Alex and I are at the
This morning I was reading a post on a
Some time ago I remember thinking about someone who didn’t have time to work out but did watch a lot of TV, that working out just wasn’t important to this person. Yet, that isn’t the main point here; rather, what I’m thinking about is what it’s meant to value music and cello and making time for this in our lives. And, more than anything else I can think of, it has shown Alex what it takes to make something of quality. I can’t say that he has come to love practicing, but what has happened over the past five years is that practicing is simply part of everyday life. And, I think he has come to understand what practicing enables him to do. I also believe that cello has been, and will continue to be, a remarkable part of his education. What he had learned is tremendous. We’re starting our four-year-old on the cello in the fall. I can’t wait to see what the whole process will be like with him. I’m also looking forward to the opportunity to do this for the second time and to have Alex’s help.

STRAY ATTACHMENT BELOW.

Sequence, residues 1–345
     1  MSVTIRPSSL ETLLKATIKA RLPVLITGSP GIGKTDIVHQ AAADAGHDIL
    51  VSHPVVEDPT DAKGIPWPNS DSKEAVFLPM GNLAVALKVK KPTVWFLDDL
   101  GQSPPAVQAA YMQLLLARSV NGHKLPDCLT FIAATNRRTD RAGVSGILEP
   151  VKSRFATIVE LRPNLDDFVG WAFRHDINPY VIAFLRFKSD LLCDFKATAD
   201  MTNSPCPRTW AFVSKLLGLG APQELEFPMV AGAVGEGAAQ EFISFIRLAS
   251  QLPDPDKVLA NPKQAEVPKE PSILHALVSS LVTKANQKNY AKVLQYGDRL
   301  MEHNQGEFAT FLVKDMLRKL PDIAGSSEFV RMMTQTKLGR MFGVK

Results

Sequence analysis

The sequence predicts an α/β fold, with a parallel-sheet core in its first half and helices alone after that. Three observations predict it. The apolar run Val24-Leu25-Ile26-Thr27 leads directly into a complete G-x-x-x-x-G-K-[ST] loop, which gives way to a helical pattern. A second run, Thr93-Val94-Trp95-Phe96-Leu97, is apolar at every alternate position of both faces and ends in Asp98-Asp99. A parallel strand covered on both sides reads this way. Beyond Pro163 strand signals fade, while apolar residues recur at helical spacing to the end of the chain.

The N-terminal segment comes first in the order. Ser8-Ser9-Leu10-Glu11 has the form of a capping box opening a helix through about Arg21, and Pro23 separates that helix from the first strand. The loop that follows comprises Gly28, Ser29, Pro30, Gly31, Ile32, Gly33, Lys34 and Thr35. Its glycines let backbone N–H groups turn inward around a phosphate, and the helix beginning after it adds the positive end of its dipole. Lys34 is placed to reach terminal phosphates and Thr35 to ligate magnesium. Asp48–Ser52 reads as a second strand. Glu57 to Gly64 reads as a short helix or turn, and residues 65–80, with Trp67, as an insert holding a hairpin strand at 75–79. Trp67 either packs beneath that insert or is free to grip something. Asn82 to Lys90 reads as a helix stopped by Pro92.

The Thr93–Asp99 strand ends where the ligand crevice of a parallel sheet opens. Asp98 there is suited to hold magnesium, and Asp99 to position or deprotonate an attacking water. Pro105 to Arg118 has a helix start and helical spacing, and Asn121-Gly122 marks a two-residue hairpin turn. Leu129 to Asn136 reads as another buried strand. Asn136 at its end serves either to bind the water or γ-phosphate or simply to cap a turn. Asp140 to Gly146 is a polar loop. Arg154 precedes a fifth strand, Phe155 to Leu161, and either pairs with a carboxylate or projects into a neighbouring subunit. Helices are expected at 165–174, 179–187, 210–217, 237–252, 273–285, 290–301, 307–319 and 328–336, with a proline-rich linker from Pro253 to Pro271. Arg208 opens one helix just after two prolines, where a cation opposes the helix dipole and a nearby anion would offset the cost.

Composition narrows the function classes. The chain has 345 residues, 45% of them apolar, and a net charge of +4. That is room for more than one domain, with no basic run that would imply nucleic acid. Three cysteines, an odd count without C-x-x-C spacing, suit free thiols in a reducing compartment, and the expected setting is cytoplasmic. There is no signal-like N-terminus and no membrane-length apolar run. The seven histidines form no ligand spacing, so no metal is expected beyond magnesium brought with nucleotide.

Many years ago, a family of one of the students I was teaching gave me a signed copy of a poem called “Cello.” At that time I didn’t have a personal connection with the cello or even have much cello music in my life. But that gift now seems like some sort of prophet, some sign of things to come. Here’s that beautiful poem:
Those who don’t like it say it’s
just a mutant violin
that’s been kicked out of the chorus.
The cello has many secrets,
but it never sobs,
just sings in its low voice.
Not everything turns into song
though. Sometimes you catch
a murmur or a whisper:
I can’t sleep.